10 Kickstart or jumpstart? Understanding
women entrepreneurs’ crowdfunding
Smita Srivastava, Pyayt P. Oo, Arvin Sahaym and Thomas H. Allison*
We have just about seven years of experience now in crowdfunding [in the United
States], including equity and debt, and about four years in the United Kingdom. And we
have, by some estimates, $33 billion worth of funding across equity, debt, and rewards
(Jason Best, Principal of Crowdfund Capital Advisors, CCA, 2016, quoted in Assenova et
Female-owned businesses and their survival prospects have been a topic of discus-
sion for a considerable number of researchers (Jennings and Brush, 2013; Justo et
al., 2015; Klapper and Parker, 2011). Prior research has identied several possibili-
ties for the disproportionate failure of female-founded ventures: lack of access to
nancial resources (for example, funding) (Fairlie and Robb, 2009), prior manage-
rial and employment experience (Boden and Nucci, 2000; DeTienne and Chandler,
2007), founding strategy (Carter et al., 1997) and entrepreneurial condence (that
is, self-ecacy) (Bandura, 1997; Wilson et al., 2007). While it is possible that lack
of prior managerial and employment experience can be compensated by train-
ing, condence and nancial resources have fewer obvious solutions (Honig, 1998;
Wilson et al., 2007). e recent revolution in funding new ventures embodied by
crowdfunding is one potential remedy. In this chapter, we focus on how condence
plays a role in fundraising attempts by women entrepreneurs on a crowdfunding
A broad consensushasemergedamongresearchers and practitioners that crowd-
funding has already established itself as an important method for raising capital
(Assenova et al., 2016; Oo and Allison, 2015). Crowdfunding involves nascent
entrepreneurs making public calls for funding via the Internet, and potential capi-
tal providers evaluating those calls and making decisions for nancing their pro-
jects (Belleamme et al., 2014; Bruton et al., 2015). Crowdfunding entrepreneurs
typically campaign for their projects and make ‘an open call, mostly through the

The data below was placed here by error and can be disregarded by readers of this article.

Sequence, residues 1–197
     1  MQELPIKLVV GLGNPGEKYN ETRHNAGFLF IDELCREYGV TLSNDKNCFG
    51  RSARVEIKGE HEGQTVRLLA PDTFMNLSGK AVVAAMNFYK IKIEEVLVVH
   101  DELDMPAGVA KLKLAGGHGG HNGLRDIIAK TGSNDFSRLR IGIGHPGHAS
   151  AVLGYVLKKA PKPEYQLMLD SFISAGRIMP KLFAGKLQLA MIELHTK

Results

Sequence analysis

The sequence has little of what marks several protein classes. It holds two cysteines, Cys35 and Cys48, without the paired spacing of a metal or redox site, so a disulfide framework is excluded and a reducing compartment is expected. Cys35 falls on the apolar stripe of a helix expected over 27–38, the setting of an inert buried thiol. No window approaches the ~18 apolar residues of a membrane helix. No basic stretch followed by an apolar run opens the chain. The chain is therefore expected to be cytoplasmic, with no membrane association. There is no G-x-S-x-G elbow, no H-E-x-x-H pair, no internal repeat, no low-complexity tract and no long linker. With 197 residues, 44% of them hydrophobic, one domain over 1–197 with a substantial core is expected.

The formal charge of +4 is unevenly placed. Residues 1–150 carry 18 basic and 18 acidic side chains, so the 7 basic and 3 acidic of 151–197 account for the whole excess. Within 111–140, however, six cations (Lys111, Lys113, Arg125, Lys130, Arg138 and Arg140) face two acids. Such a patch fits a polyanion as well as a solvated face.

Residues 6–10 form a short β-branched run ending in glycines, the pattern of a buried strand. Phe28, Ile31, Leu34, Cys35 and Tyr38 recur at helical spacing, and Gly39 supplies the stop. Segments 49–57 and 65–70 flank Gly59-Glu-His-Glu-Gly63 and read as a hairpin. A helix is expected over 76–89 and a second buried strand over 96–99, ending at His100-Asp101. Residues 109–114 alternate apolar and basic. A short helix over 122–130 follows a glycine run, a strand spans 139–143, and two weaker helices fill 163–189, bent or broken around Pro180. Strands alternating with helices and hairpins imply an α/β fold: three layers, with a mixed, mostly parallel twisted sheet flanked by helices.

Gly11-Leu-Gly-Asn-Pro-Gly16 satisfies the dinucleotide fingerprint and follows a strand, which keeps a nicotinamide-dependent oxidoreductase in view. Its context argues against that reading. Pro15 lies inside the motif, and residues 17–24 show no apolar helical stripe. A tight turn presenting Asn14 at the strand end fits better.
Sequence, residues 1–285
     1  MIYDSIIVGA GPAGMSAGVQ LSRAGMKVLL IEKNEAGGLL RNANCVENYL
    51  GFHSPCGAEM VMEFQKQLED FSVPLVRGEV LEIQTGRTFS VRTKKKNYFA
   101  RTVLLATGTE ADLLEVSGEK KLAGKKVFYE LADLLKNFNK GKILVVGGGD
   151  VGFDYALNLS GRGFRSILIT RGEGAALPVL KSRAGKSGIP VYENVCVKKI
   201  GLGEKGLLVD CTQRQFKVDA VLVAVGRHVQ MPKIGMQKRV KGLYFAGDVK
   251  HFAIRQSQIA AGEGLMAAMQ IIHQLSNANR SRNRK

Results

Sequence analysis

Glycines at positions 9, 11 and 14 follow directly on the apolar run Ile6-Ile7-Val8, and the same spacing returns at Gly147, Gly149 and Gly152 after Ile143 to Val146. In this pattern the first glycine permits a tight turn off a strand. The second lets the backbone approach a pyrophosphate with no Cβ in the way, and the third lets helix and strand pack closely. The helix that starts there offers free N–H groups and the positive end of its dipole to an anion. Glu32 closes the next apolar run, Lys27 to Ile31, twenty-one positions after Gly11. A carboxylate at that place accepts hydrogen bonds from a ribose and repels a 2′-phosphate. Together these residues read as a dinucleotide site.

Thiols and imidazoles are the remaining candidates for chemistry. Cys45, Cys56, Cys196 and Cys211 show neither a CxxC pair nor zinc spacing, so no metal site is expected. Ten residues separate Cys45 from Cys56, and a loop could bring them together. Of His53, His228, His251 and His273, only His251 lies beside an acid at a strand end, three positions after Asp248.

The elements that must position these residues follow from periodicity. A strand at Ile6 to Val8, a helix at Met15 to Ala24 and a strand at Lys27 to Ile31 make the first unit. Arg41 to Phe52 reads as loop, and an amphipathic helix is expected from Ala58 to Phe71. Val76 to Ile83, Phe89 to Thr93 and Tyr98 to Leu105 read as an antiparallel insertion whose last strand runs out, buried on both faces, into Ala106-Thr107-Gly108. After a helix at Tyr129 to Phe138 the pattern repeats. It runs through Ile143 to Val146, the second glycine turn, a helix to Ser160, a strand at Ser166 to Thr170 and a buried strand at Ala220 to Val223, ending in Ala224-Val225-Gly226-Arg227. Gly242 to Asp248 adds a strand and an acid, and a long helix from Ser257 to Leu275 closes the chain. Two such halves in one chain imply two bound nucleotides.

Internet, for providing nancial resources either in the form of a donation or
in exchange for the future product or some form of reward’ (Belleamme et al.,
Colombo et al. (2015) note that prior research has mostly discussed the nature,
characteristics and success factors of crowdfunding. For example, scholars have
tried to discern this phenomenon from other lending mechanisms such as online
charity donations, peer-to-peer lending and microlending (Afuah and Tucci, 2012;
Hildebrand et al., 2016; Zhang and Liu, 2012). As with microlending, a particular
appeal of crowdfunding is the access to capital it provides women seeking to start
or grow a venture (Bruton et al., 2011; Marom et al., 2014). As such, a growing set of
research is examining how women-led crowdfunding projects perform (Greenberg
and Mollick, 2017; Marom et al., 2014).
As with crowdfunding research in general, much of this early research on women-
led crowdfunding projects has been descriptive. us, there is an opportunity to
draw from theories previously applied to entrepreneurial resource acquisition
research in order to close the gap between what we know about the determinants of
women’s crowdfunding outcomes, and what we need to know about this phenom-
enon. To do this, we explore how a project creator’s gender, her entrepreneurial
self-ecacy and prior experience inuence her crowdfunding performance. is
question is particularly deserving of a focused inquiry, since about 40 percent of
rms in the United States are founded by women but only 6 percent of the women
founders get funding from investors (Greenberg and Mollick, 2017). Interestingly,
about 44 percent of the crowdfunders are women (Marom et al., 2014).
We address these issues through an examination of a sample of 197 woman-led
projects on the Kickstarter platform. Kickstarter, a rewards-based crowdfund-
ing platform, is the world’s largest with more than 100,000 ventures
successfully funded and more than US$2.2 billion in deal-flow. Our results
support our theory (Figure 10.1) that the entrepreneurial self-efficacy,
entrepreneurial passion and prior experience of women entrepreneurs are
associated with their projects’ crowd-funding performance. This chapter makes
the following three key contributions to the theory and practice. First, we
contribute to theory-building on crowdfunding by highlighting psychosocial
factors that could influence women entrepreneurs’ crowdfunding success.
Second, this is one of the first studies to discuss the role of entrepreneurial self-
efficacy in crowdfunding performance. Third, for practition-ers, our results
suggest that crowdfunding is a promising source of capital for women
entrepreneurs as the likelihood of success is relatively higher, compared to
seeking funds from traditional sources of funding, such as venture capitalists
208 A RESEARCH AGENDA FOR WOMEN AND ENTREPRENEURSHIP
UNDERSTANDING WOMEN ENTREPRENEURS’ CROWDFUNDING PERFORMANCE 209
Theoretical background and hypotheses
Entrepreneurial self-efﬁcacy and crowdfunding performance